If FEC testing is to be the basis of evidence-based control, methodologies need to be as optimal as is practicably possible to be of value in the field. Limitations in protocols and interpretation must be appreciated. A number of factors leading to variation present difficulties in practice and could result in incorrect decisions regarding treatment administration or classification of drug sensitivity. Strongyle eggs are not distributed evenly among balls of horse dung [19] so sampling protocols need to ensure that sufficient (i.e. >10 g) representative material (selected from at least 3 dung balls) is taken for analysis [19]. Also, samples must be thoroughly mixed before taking an aliquot at the laboratory to be analysed in the test [20]. This is not rocket science, but these simple measures will enhance the value of FEC analysis. An important factor that affects outcome of the test is the multiplication factor inherent in different types of FEC methods [21]. For accuracy, FEC methods with as a high a sensitivity as is practicably possible should be used to reduce variance when reporting output data. Faecal egg count methods often used in veterinary practice laboratories have relatively low sensitivity and employ multiplication factors in calculating the final eggs/g (‘epg’) result. Recent analysis in the author's laboratory using faeces from strongyle-infected horses indicates that when FEC tests that involve a multiplication step are used to inform on the requirement for treatment, more horses were deemed to have a higher epg when compared with more sensitive FEC methods. In future, consideration should be given to adapting methodology to increase sensitivity or of changing to methodologies validated as more sensitive for counting nematode egg in faeces [22].

It is important that, in establishing FEC-based targeted protocols, helminth species and developmental stages that cannot be detected or easily differentiated by standard nematode egg counting methods must still be considered. Comparative analyses suggest an association between the occurrence of S. vulgaris on farms in Denmark and the application of targeted treatments based on regular FEC [23]. Differentiation of large and small strongyle species on the basis of egg morphology is not something that would be routinely done in practice and is an area where parasitologists or large diagnostic laboratories need to be vigilant. Standard FEC methods are also not particularly useful for detecting tapeworm infection and although an antibody-directed ELISA has been developed and is commercially available for diagnosing Anoplocephala perfoliata, its interpretation is complicated by the extended half-life of parasite-specific serum immunoglobulin [24]. A coproantigen based ELISA has shown some potential for detection of concurrent infection with tapeworm [25], but progress of the test to commercial reality is not clear at present.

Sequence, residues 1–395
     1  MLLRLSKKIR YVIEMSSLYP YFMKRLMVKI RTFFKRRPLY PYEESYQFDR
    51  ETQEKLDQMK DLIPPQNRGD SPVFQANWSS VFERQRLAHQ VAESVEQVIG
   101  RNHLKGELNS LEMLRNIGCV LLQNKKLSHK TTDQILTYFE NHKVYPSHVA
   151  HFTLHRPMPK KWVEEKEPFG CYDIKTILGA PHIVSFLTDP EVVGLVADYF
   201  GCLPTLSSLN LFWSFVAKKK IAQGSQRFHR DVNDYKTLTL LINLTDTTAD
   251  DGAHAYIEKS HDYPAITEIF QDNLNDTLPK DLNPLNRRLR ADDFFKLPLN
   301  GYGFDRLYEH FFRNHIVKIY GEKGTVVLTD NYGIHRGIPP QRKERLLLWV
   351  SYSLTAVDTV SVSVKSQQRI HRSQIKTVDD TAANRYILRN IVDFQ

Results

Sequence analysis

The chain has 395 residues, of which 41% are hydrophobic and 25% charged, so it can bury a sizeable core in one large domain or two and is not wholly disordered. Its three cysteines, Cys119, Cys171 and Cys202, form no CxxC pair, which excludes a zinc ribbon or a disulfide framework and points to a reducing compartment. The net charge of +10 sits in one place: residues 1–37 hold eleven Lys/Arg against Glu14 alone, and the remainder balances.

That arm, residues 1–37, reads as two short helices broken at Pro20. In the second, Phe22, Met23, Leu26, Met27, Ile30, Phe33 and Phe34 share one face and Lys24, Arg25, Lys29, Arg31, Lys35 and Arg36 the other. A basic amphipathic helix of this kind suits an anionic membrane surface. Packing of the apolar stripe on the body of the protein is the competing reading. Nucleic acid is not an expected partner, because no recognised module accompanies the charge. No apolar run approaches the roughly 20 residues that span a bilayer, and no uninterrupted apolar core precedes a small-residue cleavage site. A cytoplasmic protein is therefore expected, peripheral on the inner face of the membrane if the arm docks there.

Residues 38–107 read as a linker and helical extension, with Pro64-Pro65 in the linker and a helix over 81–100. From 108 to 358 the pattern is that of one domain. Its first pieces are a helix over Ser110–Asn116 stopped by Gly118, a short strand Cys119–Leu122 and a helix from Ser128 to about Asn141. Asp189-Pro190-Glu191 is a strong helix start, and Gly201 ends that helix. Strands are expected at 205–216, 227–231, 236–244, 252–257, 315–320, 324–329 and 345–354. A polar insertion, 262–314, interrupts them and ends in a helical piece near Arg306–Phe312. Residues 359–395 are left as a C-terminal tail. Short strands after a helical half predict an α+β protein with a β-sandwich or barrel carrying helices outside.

Faecal egg count techniques are incapable of diagnosing prepatent infection of helminths. Cyathostomin encysted larvae can persist for extended periods and, at specific times (autumn/winter in the UK), can constitute up to 90% of the total burden [26]. In some horses, large numbers of larvae can emerge to cause severe diarrhoea, weight loss, colic and/or oedema and death in up to 50% of cases [27]. Diagnostic markers that form the basis of a serum-based ELISA for identifying infection with cyathostomin encysted larvae have been described and their specificity validated [28]. The test is currently being patented and developed for commercialisation. In contrast, attempts to develop a similar test for detection of migrating S. vulgaris larvae have been unsuccessful [29].

With current advice conveyed to horse owners to consider rotational grazing with other species to assist in the environmental control of pasture contamination, one concern is the recent increase in prevalence observed in liver fluke (Fasciola hepatica) in the UK ( Liver fluke can infect equids and is a challenge to control because there are no licensed antifluke products for horses and donkeys, and resistance to the widest spectrum and safest product, triclabendazole, is being increasingly reported in sheep [30]. For these reasons, there is a need to optimise surveillance and diagnostics for fasciolosis in equids.

The challenge now is to convince horse owners to continue with evidence-based helminth control strategies, with emphasis placed on maximising the value of diagnostic tests to facilitate appropriate treatment decisions and to increase levels of efficacy testing in the field. The recent questionnaire study [14] revealed that horse owners are now engaging in evidence-based protocols; however, over reliance on some compounds was identified and continued client education in this area will be required to elicit further changes in behaviour [14]. This can be combined with dialogue on all potential benefits of these protocols, such as the inherent value in continued disease surveillance and the potential financial benefits associated with significant reductions in anthelmintic use [31].

Source of funding

J.B. Matthews has been supported in the research described by the HBLB, Pilkington Trust, Donkey Sanctuary and The Horse Trust.